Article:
Russian actor Nikolai Merzlikin (1945-2007) appeared in more than 40 films between 1965 and 2006. He made his most popular films in the late 1960’s and early 1970’s. In 1983 he was honored as Artist of the State by the Soviet Union.
Russian postcard by Izdanije Byuro Propogandy Sovietskogo Kinoiskusstva, nr. 2817, 1970. (This postcard was printed in an edition of 165.000 cards. The price was 6 kop.).
Nikolai Nikolayevich Merzlikin (in Russian Николай МЕРЗЛИКИН) was born in the village of Sartyn'ya, Tyumen region, USSR (now Russia) in 1945. In 1965 while serving in the Army as a signalman, he unexpectedly attracted the intention of film director Tatiana Lioznova. She cast him in Rano Utrom/Early in the Morning (1965, Tatiana Lioznova). In this Gorky Film production an orphan girl is forced to face reality when her older brother (Merzlikin), after waiting some time, contemplates marriage. He started to study at the GITIS (the Russian Academy of Theatre Arts) and was trained by Joseph Moiseyevich Rajewski and Yevgenia Kozyrev. Meanwhile he appeared in the Mosfilm production Chelovyek, kotorovo ya liubliu/The Man I Love (1966, Yuli Garasik) and in the popular Russian-Polish war drama Zoshya (1967, Mikhail Bogin), about young Russian soldiers stationed in a Polish village in the summer of 1944. Merzlikin played supporting parts in another popular romantic drama, Yeshchyo raz pro lyubov/Once Again for Love (1968, Georgi Natanson), and in the drama Tri dnya Viktora Chernyshova/Three Days of Viktor Chernyshov (1968, Mark Osepyan) starring Gennadi Korolkov. That year he also appeared in another war drama, Daleko Na Zapade/Far in the West (1968, Aleksandr Faintsimmer), a story of comradeship of soldiers of different nationalities in the French Resistance during 1944. In 1969 he graduated at the GITIS.
Russian postcard by Izdanije Byuro Propogandy Sovietskogo Kinoiskusstva, nr. 7081, 1970. (This postcard was printed in an edition of 100.000 cards. The price was 8 kop.).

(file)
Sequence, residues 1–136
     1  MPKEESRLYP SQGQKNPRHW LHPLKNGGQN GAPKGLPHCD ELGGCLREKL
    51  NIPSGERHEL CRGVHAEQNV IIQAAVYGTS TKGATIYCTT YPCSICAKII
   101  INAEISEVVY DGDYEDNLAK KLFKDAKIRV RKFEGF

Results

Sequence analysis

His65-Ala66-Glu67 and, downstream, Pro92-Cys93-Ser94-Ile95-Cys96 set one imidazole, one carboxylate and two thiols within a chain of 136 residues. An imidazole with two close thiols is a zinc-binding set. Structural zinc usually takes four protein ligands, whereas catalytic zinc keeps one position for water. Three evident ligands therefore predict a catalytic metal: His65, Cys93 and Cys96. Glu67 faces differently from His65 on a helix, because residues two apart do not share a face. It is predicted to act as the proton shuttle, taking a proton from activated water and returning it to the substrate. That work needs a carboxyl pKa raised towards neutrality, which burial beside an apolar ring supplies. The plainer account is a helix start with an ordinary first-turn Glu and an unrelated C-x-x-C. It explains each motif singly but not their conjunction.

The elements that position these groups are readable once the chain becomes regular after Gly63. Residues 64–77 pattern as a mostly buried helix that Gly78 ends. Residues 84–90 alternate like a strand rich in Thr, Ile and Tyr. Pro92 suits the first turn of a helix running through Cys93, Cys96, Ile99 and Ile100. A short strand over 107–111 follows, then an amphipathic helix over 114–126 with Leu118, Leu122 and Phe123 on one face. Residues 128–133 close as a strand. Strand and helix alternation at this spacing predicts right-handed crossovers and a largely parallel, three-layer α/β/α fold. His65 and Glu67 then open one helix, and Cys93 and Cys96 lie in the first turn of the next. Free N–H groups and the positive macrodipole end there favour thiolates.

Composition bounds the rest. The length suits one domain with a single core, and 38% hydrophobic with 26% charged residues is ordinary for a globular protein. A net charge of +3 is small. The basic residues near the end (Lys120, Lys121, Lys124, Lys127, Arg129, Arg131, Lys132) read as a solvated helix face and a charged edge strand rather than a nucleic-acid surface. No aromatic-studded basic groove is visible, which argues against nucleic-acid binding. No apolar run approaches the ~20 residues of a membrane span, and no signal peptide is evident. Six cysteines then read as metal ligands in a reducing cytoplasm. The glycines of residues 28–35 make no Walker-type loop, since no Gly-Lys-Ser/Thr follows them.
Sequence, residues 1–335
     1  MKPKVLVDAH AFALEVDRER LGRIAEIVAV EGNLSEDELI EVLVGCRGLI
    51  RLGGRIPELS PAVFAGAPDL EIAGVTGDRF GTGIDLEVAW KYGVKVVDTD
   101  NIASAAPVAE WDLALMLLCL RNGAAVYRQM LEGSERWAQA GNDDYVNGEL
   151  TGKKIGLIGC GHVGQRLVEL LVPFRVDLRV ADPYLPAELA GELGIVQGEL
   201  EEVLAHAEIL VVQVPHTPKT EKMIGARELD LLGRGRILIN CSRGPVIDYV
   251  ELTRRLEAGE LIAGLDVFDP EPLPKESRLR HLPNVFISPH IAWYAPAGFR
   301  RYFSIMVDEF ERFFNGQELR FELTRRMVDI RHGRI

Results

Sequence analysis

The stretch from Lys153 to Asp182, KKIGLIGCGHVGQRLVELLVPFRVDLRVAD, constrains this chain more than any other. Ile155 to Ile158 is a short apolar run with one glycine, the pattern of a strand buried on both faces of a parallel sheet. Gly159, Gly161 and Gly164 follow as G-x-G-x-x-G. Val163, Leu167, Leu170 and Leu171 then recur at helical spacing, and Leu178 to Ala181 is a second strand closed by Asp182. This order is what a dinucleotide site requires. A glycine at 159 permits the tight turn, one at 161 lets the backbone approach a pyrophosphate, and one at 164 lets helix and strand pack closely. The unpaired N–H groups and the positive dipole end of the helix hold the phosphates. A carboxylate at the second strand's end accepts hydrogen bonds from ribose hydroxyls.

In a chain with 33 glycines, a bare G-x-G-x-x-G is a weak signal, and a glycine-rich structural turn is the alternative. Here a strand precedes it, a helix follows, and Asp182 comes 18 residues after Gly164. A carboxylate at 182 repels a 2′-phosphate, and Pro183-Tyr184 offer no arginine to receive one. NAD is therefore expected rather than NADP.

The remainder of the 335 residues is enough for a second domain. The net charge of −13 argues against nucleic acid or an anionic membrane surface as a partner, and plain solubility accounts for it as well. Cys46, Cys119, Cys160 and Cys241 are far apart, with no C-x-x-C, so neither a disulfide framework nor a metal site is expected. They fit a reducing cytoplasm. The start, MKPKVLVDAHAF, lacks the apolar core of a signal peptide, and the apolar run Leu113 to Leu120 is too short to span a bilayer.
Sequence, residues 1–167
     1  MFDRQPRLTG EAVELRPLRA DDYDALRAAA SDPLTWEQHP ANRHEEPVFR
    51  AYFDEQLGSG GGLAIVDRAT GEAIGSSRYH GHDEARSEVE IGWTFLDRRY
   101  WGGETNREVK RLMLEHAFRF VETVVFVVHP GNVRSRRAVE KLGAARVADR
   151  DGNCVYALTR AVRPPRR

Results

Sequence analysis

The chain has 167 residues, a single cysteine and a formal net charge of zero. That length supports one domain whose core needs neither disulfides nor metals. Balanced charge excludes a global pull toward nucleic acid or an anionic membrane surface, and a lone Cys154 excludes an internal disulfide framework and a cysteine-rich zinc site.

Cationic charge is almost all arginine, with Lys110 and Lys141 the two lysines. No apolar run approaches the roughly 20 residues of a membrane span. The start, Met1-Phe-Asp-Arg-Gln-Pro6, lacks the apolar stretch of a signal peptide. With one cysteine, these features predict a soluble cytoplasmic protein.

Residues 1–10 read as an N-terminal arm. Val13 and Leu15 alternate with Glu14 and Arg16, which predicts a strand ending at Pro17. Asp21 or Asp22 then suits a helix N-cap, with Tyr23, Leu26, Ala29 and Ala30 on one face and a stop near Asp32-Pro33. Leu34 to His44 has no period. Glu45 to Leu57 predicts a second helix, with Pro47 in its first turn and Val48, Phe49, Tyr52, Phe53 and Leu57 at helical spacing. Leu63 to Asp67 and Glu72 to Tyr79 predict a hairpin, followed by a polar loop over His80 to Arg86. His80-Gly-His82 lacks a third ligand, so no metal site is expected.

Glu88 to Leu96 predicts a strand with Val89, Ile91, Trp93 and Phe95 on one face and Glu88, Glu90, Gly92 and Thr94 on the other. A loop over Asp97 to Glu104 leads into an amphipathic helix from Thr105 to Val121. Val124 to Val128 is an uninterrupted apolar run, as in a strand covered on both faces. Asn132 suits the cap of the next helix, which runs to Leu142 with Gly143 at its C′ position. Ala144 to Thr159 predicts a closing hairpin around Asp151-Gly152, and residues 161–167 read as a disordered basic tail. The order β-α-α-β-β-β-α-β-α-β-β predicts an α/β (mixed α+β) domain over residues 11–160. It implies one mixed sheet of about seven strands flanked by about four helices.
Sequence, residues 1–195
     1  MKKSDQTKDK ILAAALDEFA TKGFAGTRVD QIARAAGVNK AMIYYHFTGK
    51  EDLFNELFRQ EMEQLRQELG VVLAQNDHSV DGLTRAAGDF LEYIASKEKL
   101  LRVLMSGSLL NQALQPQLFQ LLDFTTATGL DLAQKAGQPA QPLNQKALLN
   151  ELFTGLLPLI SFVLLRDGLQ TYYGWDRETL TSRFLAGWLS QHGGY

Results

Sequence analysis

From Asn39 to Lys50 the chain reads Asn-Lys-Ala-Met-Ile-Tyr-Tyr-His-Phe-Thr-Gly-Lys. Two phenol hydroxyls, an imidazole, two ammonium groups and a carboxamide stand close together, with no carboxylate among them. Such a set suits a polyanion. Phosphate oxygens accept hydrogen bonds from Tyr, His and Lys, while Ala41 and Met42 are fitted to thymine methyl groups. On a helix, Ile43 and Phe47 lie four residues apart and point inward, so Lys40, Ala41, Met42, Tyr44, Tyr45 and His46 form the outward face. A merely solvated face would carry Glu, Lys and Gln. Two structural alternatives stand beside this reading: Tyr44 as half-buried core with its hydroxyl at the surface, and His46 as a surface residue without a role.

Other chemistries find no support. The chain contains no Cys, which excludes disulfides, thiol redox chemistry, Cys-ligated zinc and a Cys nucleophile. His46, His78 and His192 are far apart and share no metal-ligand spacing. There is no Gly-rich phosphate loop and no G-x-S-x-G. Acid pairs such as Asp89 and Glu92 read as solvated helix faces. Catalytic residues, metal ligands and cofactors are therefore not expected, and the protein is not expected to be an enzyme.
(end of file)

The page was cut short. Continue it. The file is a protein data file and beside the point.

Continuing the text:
Russian postcard by Izdanije Byuro Propogandy Sovietskogo Kinoiskusstva, nr. 1060, 1981. (This postcard was printed in an edition of 50.000 cards. The price was 8 kop.).
The Year of Hunger
In 1971 Nikolai Merzlikin starred in the children’s film V Moskvye, Proezdom/Passing through Moscow (1971, Ilya Gurin), an anthology film with four episodes. From 1971 he worked as an actor of the Studio Theater in Moscow. In the cinema he appeared opposite Natalya Varley in Chiornie Sukhari/Black Dried Crust (1971, Herbert Rappaport), a coproduction with the East-German DEFA studio about the 'Year of Hunger', 1918, in which young Communists in Moscow send food to the revolutionary workers in Berlin. Very popular were the children’s films Chudak iz pyatogo B/The Boy From 5B (1972, Ilya Frez) and Samyy silnyy/The Strongest (1973, Oleg Nikolayevsky). In these years he starred in several films including Nadezhda/Hope (1973, Mark Donskoy), Abituriyentka/The Graduate (1973, Aleksei Mishurin), and Bez prava na oshibku/Without the right to error (1974, Aleksandr Faintsimmer). In the following years his film roles became smaller. Merzlikin played a supporting part in the war film Pogovorim, brat/Talk With Me, Brother (1978, Yuri Chulyukin) and another one in the romantic comedy Ottsy i dedy/Fathers and Grandfathers (1982, Yuri Yegorov). Although these films were seldom shown in the west, they were quite popular in Eastern Europe. In 1983, the Soviet Union honored him as an Artist of the State. He continued to play small parts in little seen films like the Russian-American coproduction Sokrovishche moey semi/ My Family Treasure (1993, Rolfe Kanefsky, Edward Staroselsky) starring Dee Wallace and Theodore Bikel, and the Polish-Russian romantic drama Istota/Hatch (2000, Andrzej Czarnecki, Krzysztof Zanussi). His last film appearance was as a general in the crime film Zharkiy noyabr/A Hot November (2006, Olga Basova, Vladimir Basov Ml.). Nikolai Merzlikin died in 2007 of a heart attack in Moscow, Russia.
Russian postcard by Izdanije Byuro Propogandy Sovietskogo Kinoiskusstva, nr. 230. (This postcard was printed in an edition of 250.000 cards. The price was 6 kop.).
Russian postcard by Izdanije Byuro Propogandy Sovietskogo Kinoiskusstva, nr. 558. Photo: G. Ter-Ovanesova. (This postcard was printed in an edition of 300.000 cards. The price was 5 kop.).
Sources: BFI, OFDB (German), Peoples.ru, and IMDb.